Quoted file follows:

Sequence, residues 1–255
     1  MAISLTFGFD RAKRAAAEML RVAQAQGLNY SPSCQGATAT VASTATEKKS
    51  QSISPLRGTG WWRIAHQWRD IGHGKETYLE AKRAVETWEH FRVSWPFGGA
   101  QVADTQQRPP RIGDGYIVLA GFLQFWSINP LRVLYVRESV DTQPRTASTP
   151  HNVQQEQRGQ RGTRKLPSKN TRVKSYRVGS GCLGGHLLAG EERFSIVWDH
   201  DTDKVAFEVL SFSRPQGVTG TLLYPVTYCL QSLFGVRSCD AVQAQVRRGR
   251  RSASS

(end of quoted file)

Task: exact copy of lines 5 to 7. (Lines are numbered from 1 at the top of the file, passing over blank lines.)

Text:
   151  HNVQQEQRGQ RGTRKLPSKN TRVKSYRVGS GCLGGHLLAG EERFSIVWDH
   201  DTDKVAFEVL SFSRPQGVTG TLLYPVTYCL QSLFGVRSCD AVQAQVRRGR
   251  RSASS